Originalism, living constitutionalism, and outrageous outcomes
Harvard Law School Professor Cass Sunstein, one of the nation's leading constitutional theorists, recently wrote a column arguing that consistent application of originalism might lead to a variety of "intolerable" results:
1. States can ban the purchase and sale of contraceptives.
2. The federal government can discriminate on the basis of race—for example, by banning African Americans from serving in the armed forces, or by mandating racial segregation in the D.C. schools.
3. The federal government can discriminate against women—for example, by banning them from serving in high-level positions in the U.S. government.
4. States are permitted to bring back segregation, and they can certainly discriminate on the basis of sex.
5. Neither federal nor state governments have to respect the idea of one person, one vote; some people could be given far more political power than others.
6. States can establish Christianity as their official religion.
7. Important provisions of national environmental laws, including the Endangered Species Act and the Clean Water Act, are invalid.
Originalist legal scholar Michael Ramsey offers a strong response. As he points out, leading originalist legal scholars have offered a variety of arguments explaining why originalism does not in fact require these outcomes. Moreover, most versions of originalism incorporate deference to at least some long-established precedents that might have been wrong as an original matter.
With respect to Sunstein's seventh example, Ramsey notes that it would not in fact be an "intolerable" result for the federal government to leave many local pollution issues in the hands of state and local governments. Many federalism scholars—myself included— argue that that would actually lead to better and more efficient policy, as well as be more consistent with the text and original meaning of the Constitution. We could be wrong about this. But it is not an "intolerable" or unreasonable position, and is certainly well within the mainstream of modern thought on federalism and environmental policy.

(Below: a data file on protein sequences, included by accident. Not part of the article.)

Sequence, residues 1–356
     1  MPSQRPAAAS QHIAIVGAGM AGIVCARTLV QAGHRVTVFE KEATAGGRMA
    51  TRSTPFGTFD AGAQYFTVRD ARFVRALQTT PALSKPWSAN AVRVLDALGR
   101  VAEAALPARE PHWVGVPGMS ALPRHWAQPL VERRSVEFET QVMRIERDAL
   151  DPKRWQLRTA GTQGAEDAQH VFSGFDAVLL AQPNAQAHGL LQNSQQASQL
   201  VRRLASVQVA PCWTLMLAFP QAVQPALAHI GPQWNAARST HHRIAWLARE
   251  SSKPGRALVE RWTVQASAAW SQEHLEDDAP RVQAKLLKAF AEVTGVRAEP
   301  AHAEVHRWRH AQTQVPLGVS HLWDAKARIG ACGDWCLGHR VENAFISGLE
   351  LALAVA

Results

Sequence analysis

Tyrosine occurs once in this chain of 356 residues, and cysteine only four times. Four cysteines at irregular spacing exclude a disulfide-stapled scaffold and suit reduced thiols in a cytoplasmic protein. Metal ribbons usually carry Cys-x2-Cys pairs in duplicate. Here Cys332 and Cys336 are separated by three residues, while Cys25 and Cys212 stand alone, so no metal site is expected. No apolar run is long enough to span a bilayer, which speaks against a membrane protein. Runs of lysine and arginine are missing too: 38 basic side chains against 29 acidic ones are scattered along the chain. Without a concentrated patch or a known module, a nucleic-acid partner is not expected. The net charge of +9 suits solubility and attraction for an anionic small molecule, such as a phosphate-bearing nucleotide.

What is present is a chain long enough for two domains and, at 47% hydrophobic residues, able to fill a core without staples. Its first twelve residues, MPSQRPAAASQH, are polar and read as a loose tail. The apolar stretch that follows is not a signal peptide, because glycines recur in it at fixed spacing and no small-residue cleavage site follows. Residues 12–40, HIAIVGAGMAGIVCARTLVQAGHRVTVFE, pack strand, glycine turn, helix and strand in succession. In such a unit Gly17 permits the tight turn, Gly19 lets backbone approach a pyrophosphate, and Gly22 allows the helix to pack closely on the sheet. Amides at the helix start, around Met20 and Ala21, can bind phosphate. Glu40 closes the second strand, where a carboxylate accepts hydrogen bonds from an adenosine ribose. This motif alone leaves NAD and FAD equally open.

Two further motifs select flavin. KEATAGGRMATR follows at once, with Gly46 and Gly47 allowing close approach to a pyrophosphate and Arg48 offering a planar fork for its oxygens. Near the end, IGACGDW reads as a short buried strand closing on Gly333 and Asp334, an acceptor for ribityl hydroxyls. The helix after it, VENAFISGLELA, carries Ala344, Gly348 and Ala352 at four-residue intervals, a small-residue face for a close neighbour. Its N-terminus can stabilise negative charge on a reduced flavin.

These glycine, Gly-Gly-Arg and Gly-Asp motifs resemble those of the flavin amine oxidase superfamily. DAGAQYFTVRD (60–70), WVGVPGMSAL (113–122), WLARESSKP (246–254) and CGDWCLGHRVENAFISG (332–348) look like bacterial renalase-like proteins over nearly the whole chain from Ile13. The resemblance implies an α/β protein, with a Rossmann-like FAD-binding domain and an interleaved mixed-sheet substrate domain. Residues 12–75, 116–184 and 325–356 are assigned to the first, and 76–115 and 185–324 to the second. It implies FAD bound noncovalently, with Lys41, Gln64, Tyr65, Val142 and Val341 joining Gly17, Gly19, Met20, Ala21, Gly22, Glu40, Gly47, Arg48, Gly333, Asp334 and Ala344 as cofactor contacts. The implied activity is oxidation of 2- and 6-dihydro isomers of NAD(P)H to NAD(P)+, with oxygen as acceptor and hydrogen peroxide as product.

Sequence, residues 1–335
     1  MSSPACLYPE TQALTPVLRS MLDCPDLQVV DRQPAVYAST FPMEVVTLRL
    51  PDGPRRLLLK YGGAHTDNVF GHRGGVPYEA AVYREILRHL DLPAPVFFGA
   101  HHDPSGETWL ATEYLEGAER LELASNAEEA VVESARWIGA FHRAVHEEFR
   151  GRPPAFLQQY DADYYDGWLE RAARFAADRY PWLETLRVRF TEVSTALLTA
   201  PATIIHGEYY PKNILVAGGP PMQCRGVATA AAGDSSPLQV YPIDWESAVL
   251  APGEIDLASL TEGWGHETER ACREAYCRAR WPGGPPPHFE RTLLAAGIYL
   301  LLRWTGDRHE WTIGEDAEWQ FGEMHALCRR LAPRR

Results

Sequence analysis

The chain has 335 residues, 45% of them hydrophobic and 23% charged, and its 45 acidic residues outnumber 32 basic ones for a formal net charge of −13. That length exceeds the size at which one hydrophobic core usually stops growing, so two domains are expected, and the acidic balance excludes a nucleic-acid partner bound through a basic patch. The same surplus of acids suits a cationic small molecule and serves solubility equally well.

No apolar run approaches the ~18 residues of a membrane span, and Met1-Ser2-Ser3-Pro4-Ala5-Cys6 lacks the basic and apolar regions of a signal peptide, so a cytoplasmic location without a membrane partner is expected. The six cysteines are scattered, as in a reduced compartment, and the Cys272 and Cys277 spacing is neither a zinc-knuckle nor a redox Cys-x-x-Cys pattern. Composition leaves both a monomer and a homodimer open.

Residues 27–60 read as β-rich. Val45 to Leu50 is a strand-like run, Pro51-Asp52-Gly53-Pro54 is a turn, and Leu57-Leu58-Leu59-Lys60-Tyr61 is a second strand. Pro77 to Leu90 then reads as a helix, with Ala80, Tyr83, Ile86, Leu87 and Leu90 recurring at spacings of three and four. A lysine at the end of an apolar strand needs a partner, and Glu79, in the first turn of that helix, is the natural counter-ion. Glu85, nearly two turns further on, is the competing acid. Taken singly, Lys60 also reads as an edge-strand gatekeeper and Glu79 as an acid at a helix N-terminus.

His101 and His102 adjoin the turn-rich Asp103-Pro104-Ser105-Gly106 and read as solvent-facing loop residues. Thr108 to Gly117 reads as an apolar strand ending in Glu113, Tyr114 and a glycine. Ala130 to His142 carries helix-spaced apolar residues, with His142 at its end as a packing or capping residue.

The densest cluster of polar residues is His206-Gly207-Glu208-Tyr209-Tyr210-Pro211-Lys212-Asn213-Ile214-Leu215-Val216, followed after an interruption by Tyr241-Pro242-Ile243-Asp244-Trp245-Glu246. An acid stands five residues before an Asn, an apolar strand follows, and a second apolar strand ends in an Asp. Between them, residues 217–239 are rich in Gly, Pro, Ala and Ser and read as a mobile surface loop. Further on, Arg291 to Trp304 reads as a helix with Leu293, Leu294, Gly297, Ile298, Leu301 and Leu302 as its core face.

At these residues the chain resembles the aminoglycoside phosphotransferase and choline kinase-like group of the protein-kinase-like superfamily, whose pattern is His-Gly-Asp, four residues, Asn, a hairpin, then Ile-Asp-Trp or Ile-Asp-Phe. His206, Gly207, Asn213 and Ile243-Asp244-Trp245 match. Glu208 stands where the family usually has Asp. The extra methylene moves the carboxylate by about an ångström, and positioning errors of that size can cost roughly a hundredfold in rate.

Another problem with Sunstein's argument is that it could easily be turned against living constitutionalism no less than originalism. Most versions of living constitutionalism give judges considerable scope to reinterpret the Constitution in order to address modern social needs. Many of the results Sunstein fears originalism might produce could easily be rationalized by living constitutionalists as necessary responses to changing social conditions.
For example, a living constitutionalist might believe that a religious revival could help alleviate a variety of modern social pathologies, and that state promotion of Christianity could aid in that process. If so, perhaps we should indeed let states establish Christianity as an official religion and otherwise promote its spread. A recent survey found that almost a third of the public believes that "being Christian" is a "very important" part of "being truly American." Living constitutionalist judges who feel the same way could readily decide that we should overrule or at least greatly narrow precedents constraining state promotion of Christianity.
Similarly, a living constitutionalist could conclude that, under modern conditions, racial, ethnic, and religious profiling is an essential tool for combatting crime and terrorism. Therefore, we should loosen or even eliminate constitutional restrictions on discrimination by law enforcement. They could also cite social science studies suggesting that ethnic diversity reduces social trust and social capital, and thereby rule that states should be given a freer hand in promoting racial and ethnic segregation. This latter possibility actually has historical precedent. In the early 20th century, Progressive living constitutionalists did in fact argue that the state and federal governments should be allowed to engage in extensive discrimination in part based on supposed scientific evidence indicating that it would alleviate various social pathologies.